WTVR: Federal stimulus funds can be used to combat opioid crisis


America’s other public health crisis, the opioid and drug epidemic, has only gotten worse during the COVID-19 pandemic.

Carey Colvin has experienced the heartbreak caused by this crisis firsthand.

In January of 2020, the Richmond-area mother found her daughter, Summer, dead from a drug overdose.

“When I found her, I can tell by the way she was positioned she didn’t know she died. It was so quick,” Colvin recalled. “She had a sparkle and I watched that sparkle dim the last year of her life.”

In 2016, Summer broke her neck in a car accident on I-95 in Richmond. When her prescription of Oxycodone ran out, she then turned to heroin.

“She knew what she was doing to us, but addiction doesn’t care,” Colvin said.

Virginia has seen a 40% increase in overdoses during the pandemic, according to Rep. Abigail Spanberger.

The Henrico Democrat led a bipartisan effort to help fix this crisis. Spanberger led a letter to U.S. Treasury Security Janet Yellen urging her to allow localities to use American Rescue Plan funds in the fight against addiction.

“I am pleased to say that in fact when the rule making came out there is significant flexibility,” Spanberger explained. “I’m quite excited that there is space for our communities to be really be able to make investments in prevention, treatment and recovery.”

Rep. David Trone (D – Maryland and Republican Rep. David McKinley of West Virginia also joined Spanberger in sending the letter.

Spanberger acknowledged that the drug epidemic spans across the nation and isn’t just limited to Central Virginia. She’s heard from law enforcement chiefs who have officers returning to help, at times, the same individuals during an overdose.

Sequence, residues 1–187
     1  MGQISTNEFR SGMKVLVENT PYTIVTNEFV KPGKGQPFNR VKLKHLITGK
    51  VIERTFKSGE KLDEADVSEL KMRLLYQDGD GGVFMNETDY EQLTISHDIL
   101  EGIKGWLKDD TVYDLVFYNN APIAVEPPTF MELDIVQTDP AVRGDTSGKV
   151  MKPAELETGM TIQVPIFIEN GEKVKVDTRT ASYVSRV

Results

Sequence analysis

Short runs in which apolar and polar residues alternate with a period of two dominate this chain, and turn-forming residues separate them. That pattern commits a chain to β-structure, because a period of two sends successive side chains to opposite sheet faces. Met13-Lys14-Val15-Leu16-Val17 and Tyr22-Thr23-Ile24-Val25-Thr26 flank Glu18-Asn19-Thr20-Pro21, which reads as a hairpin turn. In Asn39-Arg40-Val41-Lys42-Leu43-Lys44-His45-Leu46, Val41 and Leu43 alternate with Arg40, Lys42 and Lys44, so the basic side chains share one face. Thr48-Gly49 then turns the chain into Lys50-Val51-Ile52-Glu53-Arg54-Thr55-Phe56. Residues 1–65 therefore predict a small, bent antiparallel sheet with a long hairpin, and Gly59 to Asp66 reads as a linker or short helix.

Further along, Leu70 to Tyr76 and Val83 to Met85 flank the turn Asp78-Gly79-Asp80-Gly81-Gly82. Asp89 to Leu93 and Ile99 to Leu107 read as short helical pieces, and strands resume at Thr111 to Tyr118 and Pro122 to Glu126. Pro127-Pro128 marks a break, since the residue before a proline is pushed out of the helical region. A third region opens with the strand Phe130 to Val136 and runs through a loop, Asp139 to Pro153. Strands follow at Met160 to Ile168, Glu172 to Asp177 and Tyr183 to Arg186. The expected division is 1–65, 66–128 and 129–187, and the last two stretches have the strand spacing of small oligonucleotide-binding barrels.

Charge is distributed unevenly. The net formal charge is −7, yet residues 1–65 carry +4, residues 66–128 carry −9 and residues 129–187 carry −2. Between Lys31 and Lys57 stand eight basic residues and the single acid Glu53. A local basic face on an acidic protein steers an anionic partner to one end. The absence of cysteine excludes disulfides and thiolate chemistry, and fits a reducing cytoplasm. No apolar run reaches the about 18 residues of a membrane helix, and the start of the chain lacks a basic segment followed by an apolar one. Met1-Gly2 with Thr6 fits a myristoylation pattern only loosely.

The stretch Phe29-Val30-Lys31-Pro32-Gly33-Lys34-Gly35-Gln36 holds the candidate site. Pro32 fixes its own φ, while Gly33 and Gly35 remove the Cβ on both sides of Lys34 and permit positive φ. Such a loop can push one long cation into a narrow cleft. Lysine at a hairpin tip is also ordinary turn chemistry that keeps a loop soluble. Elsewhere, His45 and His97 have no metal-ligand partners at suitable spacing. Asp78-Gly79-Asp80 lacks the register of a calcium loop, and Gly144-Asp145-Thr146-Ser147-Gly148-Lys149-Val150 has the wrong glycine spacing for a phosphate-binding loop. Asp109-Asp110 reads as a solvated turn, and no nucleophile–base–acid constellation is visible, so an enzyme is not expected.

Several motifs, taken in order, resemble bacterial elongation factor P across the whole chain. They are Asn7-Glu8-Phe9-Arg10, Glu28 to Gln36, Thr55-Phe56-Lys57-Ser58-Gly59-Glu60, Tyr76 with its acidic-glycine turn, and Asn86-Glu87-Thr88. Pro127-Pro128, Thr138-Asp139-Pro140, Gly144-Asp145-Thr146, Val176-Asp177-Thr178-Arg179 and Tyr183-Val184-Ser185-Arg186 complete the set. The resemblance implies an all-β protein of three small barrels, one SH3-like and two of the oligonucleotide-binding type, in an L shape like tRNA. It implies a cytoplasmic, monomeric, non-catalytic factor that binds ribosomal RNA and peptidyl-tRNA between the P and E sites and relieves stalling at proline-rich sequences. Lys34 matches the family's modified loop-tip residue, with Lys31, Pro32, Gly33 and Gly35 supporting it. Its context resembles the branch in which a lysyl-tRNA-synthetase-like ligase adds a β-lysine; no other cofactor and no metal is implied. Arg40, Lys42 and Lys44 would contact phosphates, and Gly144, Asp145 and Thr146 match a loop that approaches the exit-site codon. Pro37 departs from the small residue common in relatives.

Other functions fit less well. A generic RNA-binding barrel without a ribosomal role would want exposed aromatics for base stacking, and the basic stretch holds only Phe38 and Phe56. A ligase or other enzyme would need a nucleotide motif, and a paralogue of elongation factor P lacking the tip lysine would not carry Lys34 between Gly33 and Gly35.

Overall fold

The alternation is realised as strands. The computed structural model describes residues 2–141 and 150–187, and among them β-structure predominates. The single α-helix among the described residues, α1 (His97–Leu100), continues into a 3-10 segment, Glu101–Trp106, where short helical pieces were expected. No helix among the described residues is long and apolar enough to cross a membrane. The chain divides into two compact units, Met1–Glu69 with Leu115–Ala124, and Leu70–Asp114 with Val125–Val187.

“They’ve been able to administer Narcan, are able to resuscitate someone, only to return back a short period of time later to find that same individual suffered a fatal overdose,” Spanberger said.

Colvin supports Spanberger’s push, and hopes localities can use the funds to provide more recovery resources for those addicted to opioids or drugs

“Summer was a firecracker, she was very vivacious, she loved to dance, she loved to sing, she loved music,” Colvin reminisced.

Even if Summer did survive her overdose in January, because of isolation, her mother believes she wouldn’t survive the pandemic.

“I know what she would want to say is, ‘please, get help,’” Colvin said.

If you or someone you know may need help with a drug addiction – you’re urged to call the National Substance Abuse Hotline at 1-800-662-4357.

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